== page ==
5 Experimental Optimization of the Parking Mechanism
Another developed automatic transmission parking mechanism is taken as an example. In the experiments, the parking mechanism initially runs well. However, there are disengagement difficulties after a long period of use and wear. The bench test program is designed to verify the durability and reliability of the parking mechanism. In the program, the slope is simulated by different loads, and ramp tests are completed in turn. The durability test is conducted for a 30% equivalent slope. Adjacent tests are kept at regular intervals.
Figures 19 and 20 show that, after the durability test, much engaging and disengaging have worn the contact rounds of the ratchet. Correspondingly, wear and scratches appear on the front and rear contact surfaces of the pawl. It is seen that the partial grinding of the ratchet wheel is serious on the left side of Fig. 18. The reason is that the stiffness of the cantilever shaft of the pawl is insufficient and deformation appears along the direction of the force. This phenomenon is eliminated in the subsequent improvement.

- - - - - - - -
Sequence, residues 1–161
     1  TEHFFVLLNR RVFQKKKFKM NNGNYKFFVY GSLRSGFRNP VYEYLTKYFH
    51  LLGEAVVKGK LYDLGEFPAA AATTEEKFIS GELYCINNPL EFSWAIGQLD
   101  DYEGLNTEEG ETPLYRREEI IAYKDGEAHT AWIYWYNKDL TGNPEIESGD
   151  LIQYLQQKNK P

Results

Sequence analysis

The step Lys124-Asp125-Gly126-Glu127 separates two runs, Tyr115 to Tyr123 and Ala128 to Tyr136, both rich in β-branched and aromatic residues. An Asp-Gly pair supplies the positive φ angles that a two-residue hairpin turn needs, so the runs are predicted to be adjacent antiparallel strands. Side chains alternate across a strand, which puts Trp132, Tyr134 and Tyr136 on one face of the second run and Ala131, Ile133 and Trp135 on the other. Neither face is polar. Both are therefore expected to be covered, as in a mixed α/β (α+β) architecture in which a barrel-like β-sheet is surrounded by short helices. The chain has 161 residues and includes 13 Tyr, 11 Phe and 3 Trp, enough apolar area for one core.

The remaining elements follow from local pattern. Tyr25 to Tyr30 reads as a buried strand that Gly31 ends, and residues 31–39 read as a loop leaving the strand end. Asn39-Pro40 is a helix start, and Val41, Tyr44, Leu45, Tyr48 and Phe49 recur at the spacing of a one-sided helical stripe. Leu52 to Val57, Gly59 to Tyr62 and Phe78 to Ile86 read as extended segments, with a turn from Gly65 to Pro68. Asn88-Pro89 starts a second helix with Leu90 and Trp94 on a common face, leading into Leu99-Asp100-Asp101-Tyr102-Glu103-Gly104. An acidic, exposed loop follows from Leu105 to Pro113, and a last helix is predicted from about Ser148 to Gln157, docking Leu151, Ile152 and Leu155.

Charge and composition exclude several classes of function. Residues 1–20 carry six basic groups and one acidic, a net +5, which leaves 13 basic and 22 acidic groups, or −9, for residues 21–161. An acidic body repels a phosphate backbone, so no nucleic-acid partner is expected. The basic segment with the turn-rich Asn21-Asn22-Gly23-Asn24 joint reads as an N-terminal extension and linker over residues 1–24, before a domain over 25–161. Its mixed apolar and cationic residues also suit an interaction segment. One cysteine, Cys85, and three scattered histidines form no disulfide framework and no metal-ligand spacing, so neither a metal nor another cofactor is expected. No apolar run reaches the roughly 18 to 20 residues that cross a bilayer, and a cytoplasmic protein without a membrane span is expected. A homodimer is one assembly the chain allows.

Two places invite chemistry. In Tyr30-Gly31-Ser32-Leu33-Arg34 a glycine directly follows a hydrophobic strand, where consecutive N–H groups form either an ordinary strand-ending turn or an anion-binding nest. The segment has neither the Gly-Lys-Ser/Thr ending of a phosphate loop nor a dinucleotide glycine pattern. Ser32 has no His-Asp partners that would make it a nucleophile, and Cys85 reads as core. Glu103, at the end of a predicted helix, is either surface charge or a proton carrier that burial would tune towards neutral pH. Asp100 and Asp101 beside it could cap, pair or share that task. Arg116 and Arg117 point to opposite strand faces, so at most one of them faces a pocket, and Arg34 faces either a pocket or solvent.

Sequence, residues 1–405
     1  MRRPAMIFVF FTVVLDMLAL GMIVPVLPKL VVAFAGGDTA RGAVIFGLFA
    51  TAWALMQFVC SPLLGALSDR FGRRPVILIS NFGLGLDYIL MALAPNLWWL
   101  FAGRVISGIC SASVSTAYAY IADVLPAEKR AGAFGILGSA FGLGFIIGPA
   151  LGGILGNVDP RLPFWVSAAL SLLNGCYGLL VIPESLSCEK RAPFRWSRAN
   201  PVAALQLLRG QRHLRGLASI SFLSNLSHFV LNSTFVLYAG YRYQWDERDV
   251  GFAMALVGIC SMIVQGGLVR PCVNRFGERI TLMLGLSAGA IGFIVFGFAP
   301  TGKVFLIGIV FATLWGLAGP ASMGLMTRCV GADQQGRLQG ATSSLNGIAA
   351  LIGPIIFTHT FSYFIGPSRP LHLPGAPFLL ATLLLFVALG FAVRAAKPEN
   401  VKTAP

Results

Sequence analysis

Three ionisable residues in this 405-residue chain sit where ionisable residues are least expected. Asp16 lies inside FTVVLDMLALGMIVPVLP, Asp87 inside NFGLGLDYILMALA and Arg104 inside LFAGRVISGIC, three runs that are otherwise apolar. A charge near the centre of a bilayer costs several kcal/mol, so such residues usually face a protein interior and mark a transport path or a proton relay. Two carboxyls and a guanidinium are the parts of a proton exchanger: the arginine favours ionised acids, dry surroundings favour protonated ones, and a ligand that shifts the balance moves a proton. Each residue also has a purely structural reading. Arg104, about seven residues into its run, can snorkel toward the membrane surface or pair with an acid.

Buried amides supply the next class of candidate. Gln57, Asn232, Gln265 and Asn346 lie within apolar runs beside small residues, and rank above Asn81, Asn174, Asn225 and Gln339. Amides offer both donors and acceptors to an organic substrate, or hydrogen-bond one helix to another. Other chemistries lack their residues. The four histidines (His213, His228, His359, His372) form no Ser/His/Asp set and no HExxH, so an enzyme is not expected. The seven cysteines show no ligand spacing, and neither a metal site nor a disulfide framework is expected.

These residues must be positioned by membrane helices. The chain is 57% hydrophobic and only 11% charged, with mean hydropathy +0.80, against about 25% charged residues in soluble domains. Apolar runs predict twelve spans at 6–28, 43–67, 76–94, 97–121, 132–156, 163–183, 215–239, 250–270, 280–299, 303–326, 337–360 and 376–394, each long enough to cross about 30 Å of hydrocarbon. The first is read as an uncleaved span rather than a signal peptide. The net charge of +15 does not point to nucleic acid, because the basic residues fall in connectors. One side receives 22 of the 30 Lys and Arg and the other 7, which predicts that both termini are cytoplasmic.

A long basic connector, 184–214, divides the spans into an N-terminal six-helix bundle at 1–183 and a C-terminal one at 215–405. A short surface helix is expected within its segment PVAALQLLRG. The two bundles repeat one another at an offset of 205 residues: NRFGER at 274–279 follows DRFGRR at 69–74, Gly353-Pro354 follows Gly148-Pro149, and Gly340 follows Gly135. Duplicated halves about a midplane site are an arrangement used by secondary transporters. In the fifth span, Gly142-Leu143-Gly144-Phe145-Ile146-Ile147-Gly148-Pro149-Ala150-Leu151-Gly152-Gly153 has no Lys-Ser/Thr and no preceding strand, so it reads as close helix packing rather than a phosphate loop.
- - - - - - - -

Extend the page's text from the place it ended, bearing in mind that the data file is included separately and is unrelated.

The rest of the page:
Generally, the larger the radius of the ratchet, the lower the contact force and the less the wear, and the greater the room for the improved design of the parking mechanism. However, under the premise that the overall size of the transmission has been determined, the ratchet radius is not allowed to increase. Therefore, the improvement direction of the program is an extension of the contact arm of the pawl, increase in the contact fillet radius, change in the friction coefficient, change in the tooth contact angle and replacement of the material.